Effect of air-polishing devices on the gingiva: Histologic study in the Canine

Avital Kozlovsky*, Zvi Artzi, Carlos E. Nemcovsky, Abraham Hirshberg

*Corresponding author for this work

Research output: Contribution to journalArticlepeer-review


Objectives: The aim of this study was to evaluate histologically the immediate effect of two types of air-polishing devices (APDs) on the gingiva. Material and Methods: The buccal gingiva in four mongrel dogs was exposed to 5, 10 and 20 s of instrumentation, applying a hand-piece type of APD (HP-APD) PROPHYflex® and a stand-alone type of APD (SA-APD) Jetpolisher™ in a split-mouth design. Immediately after treatment, the exposed gingiva was excised by sharp dissection and fixed in 10% buffered formalin. For each specimen, 15 sections, 20 μm apart, corresponding to the central part of the treated and control untreated gingiva were cut and stained with haematoxylin and eosin. Stained sections were examined histomorphometrically for keratin width and epithelial cell layer (ECL) (prickle and basal cell layers) width. Extent of erosion was expressed as loss of keratin and ECL compared with control. Results: Microscopic examination presented changes in keratin and ECL, including keratin detachment and disruption of the normal ECL architecture. The erosive changes in the gingiva caused by both APD, positively correlated with instrumentation time (p < 0.001) and type of instrument (p = 0.008). Keratin loss was significantly higher for SA APD than for the HP APD in each time interval (p = 0.019). Following exposure for 5 s, both APD caused a 25% loss of the ECL. Exposure for 10 and 20 s revealed a significantly greater ECL loss caused by the SA-APD than the HP-APD (p = 0.018). Exposure for 20 s was the only time interval that presented the area of total epithelium erosion with SA-APD causing significantly more (p = 0.002) areas of total epithelial erosion than the HP-APD. Conclusion: Gingiva exposure to air-polishing slurry delivered by APD caused localized trauma because of epithelial erosive changes with severity, positively correlated with instrumentation time and design principles of the applied APD. The clinician should be aware of the potential insult of the gingiva when applying the APD and careful precautions should be taken.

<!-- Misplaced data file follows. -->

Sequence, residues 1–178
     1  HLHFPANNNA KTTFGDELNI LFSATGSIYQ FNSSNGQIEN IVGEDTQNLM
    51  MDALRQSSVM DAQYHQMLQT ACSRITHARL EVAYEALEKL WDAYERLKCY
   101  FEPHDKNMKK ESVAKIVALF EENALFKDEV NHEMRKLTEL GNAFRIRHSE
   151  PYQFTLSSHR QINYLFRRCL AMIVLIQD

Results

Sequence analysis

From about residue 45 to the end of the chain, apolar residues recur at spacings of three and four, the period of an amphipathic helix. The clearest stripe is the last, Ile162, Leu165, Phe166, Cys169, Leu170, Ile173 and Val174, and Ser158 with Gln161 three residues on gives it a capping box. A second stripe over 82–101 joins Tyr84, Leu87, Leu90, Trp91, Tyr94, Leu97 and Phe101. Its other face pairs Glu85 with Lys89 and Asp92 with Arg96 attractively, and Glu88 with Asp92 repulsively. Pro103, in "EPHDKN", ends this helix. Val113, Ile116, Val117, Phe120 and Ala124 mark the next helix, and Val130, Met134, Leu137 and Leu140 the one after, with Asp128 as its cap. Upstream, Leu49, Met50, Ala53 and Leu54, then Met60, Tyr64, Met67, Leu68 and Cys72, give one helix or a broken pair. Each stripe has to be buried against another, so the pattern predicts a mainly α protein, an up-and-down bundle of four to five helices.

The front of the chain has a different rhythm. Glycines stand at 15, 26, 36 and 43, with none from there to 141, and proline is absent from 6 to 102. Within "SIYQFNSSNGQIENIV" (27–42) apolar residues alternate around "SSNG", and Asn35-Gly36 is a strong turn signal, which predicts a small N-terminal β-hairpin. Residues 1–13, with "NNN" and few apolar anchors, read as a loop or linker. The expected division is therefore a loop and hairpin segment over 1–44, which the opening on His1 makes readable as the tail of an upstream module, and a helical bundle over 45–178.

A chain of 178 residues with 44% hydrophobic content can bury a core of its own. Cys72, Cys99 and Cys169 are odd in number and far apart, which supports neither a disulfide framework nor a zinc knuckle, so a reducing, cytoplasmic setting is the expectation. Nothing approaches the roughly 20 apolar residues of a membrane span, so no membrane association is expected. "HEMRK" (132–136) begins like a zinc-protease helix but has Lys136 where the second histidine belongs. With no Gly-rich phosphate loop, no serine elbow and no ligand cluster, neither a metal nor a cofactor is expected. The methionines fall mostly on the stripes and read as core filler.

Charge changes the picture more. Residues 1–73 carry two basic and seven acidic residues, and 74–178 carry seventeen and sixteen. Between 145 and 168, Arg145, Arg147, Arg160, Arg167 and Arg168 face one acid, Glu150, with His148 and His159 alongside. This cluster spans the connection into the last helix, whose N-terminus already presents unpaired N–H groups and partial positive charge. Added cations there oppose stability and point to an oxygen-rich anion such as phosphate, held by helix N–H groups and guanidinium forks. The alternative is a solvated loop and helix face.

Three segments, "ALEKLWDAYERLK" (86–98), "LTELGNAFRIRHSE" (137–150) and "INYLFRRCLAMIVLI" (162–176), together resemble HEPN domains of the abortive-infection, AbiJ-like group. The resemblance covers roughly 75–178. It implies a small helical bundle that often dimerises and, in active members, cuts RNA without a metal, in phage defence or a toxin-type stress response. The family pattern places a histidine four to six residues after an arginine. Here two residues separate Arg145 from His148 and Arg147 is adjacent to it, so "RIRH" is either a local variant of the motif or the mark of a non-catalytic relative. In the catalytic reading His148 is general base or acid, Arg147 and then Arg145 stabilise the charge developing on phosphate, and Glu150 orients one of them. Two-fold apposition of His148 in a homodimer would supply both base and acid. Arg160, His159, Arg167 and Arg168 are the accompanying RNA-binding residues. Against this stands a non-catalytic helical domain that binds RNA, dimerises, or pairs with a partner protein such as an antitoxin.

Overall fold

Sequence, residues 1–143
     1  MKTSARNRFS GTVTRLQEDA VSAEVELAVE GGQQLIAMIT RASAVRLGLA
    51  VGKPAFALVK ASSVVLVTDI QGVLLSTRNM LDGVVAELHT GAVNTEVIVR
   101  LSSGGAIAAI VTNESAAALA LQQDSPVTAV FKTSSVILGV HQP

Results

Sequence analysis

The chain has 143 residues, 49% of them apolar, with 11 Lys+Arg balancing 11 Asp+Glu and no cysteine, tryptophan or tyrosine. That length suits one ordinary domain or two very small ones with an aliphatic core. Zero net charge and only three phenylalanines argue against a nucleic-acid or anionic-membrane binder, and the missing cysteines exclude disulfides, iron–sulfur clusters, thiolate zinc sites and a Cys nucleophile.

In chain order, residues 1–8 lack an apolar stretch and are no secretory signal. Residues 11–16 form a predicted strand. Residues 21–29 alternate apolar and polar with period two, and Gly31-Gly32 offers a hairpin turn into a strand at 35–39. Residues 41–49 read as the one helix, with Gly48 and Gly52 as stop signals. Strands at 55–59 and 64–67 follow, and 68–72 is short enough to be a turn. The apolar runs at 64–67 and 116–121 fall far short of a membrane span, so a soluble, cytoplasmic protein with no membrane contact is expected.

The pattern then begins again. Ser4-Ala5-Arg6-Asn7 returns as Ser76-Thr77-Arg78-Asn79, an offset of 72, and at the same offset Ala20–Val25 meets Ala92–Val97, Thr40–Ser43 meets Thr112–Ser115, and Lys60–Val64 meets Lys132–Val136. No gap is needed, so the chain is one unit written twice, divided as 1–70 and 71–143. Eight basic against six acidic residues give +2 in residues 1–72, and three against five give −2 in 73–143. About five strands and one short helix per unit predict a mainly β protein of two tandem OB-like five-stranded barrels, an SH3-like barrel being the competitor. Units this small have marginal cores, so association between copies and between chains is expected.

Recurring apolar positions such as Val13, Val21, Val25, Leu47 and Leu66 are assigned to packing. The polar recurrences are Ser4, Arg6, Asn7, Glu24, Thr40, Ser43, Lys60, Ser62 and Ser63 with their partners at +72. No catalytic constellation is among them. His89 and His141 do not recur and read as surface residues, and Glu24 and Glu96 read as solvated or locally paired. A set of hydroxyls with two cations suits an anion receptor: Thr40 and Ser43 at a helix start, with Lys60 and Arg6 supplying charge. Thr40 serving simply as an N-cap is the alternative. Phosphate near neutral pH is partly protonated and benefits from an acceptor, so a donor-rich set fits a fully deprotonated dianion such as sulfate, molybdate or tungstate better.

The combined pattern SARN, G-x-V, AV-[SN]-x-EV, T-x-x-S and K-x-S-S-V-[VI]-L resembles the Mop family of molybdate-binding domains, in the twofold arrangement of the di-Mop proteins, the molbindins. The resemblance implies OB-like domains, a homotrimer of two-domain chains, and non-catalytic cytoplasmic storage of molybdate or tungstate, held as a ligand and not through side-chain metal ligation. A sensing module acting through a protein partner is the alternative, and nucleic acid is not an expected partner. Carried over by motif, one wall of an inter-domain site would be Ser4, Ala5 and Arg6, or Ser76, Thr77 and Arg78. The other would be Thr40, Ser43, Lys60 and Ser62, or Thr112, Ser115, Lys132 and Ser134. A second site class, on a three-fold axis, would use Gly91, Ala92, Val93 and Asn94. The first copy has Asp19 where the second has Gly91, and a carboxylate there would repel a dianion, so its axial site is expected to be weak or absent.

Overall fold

Original languageEnglish
Pages (from-to)329-334
Number of pages6
JournalJournal of Clinical Periodontology
Issue number4
StatePublished - Apr 2005


  • Air-polishing device
  • Gingival erosion


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